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Aug 2012
Police work is not always pretty

A former Los Angeles police chief once observed, “Police work is not always pretty. But in my 36 years of law enforcement, I've learned not to make a judgment until I have all the facts.”

Chief Bratton’s comments echo our views regarding the recent highly publicized incident in Venice involving Ron Weekley, Jr. While Mr. Weekley claims excessive use of force, it is important to remember that partially recorded police action can easily misrepresent what actually occurred. That is why it is important to know all the facts in this case and not rush to judgment.

It is also important for everyone to understand that it is required by law to follow an officer’s lawful commands.

We already know that the partial videotape does not tell the whole story. If, as appears in this case, the recording begins toward the end of the incident, then crucial context which explains the necessity of the use of force is not captured. Legal issues in the case such as the critical issues of submission to lawful authority, tactical procedures consistent with LAPD training, and the perceptions of the people involved are not answered by the small snippet of videotape.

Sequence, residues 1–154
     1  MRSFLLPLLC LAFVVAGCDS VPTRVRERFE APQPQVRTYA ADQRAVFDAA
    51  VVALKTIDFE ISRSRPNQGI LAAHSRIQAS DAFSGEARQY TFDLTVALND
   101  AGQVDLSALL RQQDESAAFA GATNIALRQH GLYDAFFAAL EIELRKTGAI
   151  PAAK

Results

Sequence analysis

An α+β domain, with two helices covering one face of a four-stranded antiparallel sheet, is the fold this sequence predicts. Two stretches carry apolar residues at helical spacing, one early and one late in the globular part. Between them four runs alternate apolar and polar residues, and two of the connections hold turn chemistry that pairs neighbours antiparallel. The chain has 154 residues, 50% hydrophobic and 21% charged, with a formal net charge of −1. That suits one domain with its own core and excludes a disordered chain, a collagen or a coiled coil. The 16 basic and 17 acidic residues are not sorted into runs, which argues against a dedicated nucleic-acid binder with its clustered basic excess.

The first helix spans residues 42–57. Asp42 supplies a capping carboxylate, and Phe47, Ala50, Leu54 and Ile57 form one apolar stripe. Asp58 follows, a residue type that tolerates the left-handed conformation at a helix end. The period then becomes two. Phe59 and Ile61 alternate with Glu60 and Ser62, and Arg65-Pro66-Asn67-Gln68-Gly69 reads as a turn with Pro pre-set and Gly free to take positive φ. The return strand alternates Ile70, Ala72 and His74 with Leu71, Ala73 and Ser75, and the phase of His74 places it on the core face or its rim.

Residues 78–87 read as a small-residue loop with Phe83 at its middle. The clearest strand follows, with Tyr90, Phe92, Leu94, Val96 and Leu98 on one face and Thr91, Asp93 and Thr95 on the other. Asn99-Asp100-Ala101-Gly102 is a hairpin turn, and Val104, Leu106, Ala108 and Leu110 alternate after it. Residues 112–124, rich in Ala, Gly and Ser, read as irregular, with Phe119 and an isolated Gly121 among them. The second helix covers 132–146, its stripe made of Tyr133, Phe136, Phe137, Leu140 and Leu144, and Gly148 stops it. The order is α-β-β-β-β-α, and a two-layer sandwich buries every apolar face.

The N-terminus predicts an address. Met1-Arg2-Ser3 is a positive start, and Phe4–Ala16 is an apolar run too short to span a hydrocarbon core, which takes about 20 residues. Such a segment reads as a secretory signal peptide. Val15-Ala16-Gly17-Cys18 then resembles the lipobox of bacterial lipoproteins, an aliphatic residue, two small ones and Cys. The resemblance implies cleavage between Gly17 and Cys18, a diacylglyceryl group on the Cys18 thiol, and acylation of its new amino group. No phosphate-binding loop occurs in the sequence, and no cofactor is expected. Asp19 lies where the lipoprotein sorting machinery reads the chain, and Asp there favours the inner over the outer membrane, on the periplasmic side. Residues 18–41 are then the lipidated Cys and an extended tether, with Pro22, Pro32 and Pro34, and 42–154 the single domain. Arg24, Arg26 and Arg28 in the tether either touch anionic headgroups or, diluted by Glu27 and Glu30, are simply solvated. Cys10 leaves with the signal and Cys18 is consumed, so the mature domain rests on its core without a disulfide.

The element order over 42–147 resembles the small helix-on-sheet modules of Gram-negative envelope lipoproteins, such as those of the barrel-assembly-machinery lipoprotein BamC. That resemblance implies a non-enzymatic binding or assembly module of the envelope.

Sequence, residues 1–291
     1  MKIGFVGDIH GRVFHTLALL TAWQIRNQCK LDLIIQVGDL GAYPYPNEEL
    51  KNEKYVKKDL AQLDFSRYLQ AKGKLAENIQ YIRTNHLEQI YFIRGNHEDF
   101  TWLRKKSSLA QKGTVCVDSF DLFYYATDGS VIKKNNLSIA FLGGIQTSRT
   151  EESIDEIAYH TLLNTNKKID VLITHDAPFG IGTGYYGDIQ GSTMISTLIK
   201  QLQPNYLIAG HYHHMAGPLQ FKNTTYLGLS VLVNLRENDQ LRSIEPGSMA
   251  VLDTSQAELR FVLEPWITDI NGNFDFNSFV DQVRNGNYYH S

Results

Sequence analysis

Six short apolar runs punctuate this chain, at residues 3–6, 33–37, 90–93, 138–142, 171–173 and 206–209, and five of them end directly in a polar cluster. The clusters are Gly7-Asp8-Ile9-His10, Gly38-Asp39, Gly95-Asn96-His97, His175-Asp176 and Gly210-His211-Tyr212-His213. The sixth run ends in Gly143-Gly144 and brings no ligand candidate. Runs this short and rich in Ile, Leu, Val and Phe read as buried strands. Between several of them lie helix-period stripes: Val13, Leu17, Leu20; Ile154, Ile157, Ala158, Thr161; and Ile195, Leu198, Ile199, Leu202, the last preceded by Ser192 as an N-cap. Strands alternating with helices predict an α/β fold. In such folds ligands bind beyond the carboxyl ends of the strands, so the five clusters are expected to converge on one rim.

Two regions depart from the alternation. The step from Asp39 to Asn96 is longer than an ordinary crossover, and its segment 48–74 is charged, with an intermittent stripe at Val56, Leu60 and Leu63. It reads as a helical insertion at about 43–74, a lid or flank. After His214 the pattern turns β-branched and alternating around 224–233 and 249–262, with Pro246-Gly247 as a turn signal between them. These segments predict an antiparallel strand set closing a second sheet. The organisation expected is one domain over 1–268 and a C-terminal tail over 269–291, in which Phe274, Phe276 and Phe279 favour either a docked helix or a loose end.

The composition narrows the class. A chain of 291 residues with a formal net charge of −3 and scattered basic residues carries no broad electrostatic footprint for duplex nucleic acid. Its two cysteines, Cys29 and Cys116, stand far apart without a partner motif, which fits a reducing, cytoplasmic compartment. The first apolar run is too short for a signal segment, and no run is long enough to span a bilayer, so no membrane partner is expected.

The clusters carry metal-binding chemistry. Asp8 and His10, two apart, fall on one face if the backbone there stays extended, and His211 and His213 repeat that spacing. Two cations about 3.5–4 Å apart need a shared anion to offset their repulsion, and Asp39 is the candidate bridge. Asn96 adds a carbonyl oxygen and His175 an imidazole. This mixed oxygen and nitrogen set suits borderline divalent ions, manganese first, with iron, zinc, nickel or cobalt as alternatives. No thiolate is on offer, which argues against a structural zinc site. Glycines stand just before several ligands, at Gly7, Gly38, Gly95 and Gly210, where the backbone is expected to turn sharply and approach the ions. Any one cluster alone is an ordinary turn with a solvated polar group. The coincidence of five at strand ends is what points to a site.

The law recognizes that some individuals will not comply with police officers and submit to arrest unless compelled to do so by the use of force; therefore, law enforcement officers are legally authorized to use force in the performance of their duties. The legal standard used to determine the lawfulness and appropriateness of a use of force is the Fourth Amendment to the U.S. Constitution and in the legal case Graham v. Connor, 490 U.S. 386 (1989). Graham states in part:

The reasonableness of a particular use of force must be judged from the perspective of a reasonable officer on the scene, rather than with the 20/20 vision of hindsight. The calculus of reasonableness must embody allowance for the fact that police officers are often forced to make split-second judgments – in circumstances that are tense, uncertain and rapidly evolving – about the amount of force that is necessary in a particular situation.

The U.S. Supreme Court made it clear that the test of reasonableness is not capable of precise definition or mechanical application. The force must be reasonable under the circumstances known to the officer at the time the force was used. This standard is consistent with LAPD use of force policy adopted by the Police Commission. Therefore, the LAPD examines all uses of force from an objective standard, rather than a subjective standard.

While it may be tempting for some to believe that we have “all the details” when we have “seen” the video, nothing could be further from the truth. We are confident that the LAPD’s Use of Force and Internal Affairs Divisions will do a thorough examination of the incident, as will the Office of the Inspector General, and not rush to a snap judgment on the basis of a short video recording of a portion of this encounter. We urge everyone to allow the exhaustive examination of the facts to take place before passing judgment. The officers and Mr. Weekley deserve this.



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